How to improve it at this point? Better games, pure and simple. There have been so many games I've played in the past year or two on my DS compared to a tiny handful on my PSP.

    Opening some kind of homebrew (even if regulated and locked down) would give me new interest because then I could make stuff and try other peoples. That wouldn't solve the games problem, but it would help some.

    Interesting system, problems in design, I regret I purchased it (especially considering it's original price).

  • PSProblems (Score:3, Interesting)

    by MeanderingMind ( 884641 ) on Friday April 06, 2007 @01:15PM (#18636211) Homepage Journal
    The biggest problem with the PSP isn't inherent to the system itself, but to the vision of those utilizing it. It's in the very name of the portable itself, "Playstation Portable".

    The PSP is treated as though it were a Playstation console, except portable. Little or no consideration is made that it is any different froma Playstation, save in its hardware specifications. As such, we see ports or sequels to games that fail to take into account the need for a different control scheme and game focus.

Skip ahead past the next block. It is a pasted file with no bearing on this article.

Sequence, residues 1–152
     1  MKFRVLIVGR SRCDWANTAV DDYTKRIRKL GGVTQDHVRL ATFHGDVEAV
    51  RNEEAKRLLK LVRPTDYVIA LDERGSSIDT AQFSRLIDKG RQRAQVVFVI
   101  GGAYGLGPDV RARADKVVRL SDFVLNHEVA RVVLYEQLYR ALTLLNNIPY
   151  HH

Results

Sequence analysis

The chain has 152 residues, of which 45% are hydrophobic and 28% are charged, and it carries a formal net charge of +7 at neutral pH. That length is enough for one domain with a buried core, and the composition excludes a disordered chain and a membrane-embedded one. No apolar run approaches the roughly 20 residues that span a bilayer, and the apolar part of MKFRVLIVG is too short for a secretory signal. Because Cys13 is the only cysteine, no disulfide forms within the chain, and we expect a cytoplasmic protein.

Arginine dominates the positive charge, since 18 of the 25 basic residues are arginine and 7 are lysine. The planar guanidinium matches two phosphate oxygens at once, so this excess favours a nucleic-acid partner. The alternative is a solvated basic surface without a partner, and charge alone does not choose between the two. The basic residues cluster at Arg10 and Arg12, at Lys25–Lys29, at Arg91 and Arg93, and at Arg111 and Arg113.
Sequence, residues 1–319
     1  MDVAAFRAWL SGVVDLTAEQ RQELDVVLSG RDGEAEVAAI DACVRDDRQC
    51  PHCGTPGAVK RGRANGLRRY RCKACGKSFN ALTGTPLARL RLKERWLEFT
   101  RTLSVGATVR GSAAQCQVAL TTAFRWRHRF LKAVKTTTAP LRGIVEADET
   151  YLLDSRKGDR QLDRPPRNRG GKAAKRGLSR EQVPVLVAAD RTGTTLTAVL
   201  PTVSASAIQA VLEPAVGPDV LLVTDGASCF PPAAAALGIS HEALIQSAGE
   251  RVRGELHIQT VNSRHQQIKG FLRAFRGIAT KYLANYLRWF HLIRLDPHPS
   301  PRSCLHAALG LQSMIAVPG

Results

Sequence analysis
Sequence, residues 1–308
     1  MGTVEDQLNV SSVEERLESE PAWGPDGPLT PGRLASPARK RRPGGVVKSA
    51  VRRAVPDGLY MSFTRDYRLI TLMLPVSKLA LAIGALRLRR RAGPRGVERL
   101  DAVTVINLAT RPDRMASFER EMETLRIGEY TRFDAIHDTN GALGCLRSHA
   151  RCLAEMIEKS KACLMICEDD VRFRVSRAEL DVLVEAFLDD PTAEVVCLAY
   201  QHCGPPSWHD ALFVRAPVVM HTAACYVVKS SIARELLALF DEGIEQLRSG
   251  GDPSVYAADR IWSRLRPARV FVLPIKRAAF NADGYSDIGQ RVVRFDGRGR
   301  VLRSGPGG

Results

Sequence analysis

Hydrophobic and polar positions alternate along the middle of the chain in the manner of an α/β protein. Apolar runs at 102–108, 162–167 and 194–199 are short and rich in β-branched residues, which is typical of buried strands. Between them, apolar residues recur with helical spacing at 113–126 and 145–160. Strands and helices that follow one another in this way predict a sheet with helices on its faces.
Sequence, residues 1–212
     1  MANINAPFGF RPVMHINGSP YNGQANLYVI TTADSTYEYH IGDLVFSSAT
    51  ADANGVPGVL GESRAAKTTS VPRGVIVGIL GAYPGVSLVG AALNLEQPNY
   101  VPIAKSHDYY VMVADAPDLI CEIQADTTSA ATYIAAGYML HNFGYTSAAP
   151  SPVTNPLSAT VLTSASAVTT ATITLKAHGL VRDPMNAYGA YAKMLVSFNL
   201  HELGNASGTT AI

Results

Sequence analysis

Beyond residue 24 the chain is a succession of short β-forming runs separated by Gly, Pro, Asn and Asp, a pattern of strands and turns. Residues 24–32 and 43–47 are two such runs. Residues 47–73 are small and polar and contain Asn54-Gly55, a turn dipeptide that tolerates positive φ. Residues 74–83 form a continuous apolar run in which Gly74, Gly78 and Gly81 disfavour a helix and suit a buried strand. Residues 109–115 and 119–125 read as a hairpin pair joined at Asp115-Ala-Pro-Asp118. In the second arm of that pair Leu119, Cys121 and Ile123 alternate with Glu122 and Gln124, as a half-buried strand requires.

At the same time, it's drawing on many developers who are not used to working in the portable sphere of gaming. They know what sells on console, and assume the same is true on portables. It only takes a cursory look at the software library for the Gameboy and DS to see this is not true at all.

    The result is a system with great potential that is wasted upon people who don't understand it. The PSP and DS both require a fundamentally different approach to game developement than a home console, but only the DS is seeing that.
  • by SethraLavode ( 910814 ) on Friday April 06, 2007 @01:18PM (#18636243)

    The lack of a touchscreen didn't do in the PSP. The GBA was a very capable portable without one, and before the DS (and up to a year afterward), no one would have thought it a viable or vital component. People understand it now, but when the PSP was in development, there was no way they could have foreseen how things would play out (especially at risk-averse Sony).

    No, the biggest problem with the PSP is that it is a powerful system and that it was marketed that way.